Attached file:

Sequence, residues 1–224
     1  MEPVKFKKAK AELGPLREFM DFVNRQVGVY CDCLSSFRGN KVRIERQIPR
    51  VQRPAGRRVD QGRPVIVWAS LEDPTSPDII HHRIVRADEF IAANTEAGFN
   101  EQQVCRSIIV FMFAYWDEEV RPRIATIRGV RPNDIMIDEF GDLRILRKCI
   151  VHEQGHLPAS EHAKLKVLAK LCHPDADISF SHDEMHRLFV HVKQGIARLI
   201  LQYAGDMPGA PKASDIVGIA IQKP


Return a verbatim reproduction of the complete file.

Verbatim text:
Sequence, residues 1–224
     1  MEPVKFKKAK AELGPLREFM DFVNRQVGVY CDCLSSFRGN KVRIERQIPR
    51  VQRPAGRRVD QGRPVIVWAS LEDPTSPDII HHRIVRADEF IAANTEAGFN
   101  EQQVCRSIIV FMFAYWDEEV RPRIATIRGV RPNDIMIDEF GDLRILRKCI
   151  VHEQGHLPAS EHAKLKVLAK LCHPDADISF SHDEMHRLFV HVKQGIARLI
   201  LQYAGDMPGA PKASDIVGIA IQKP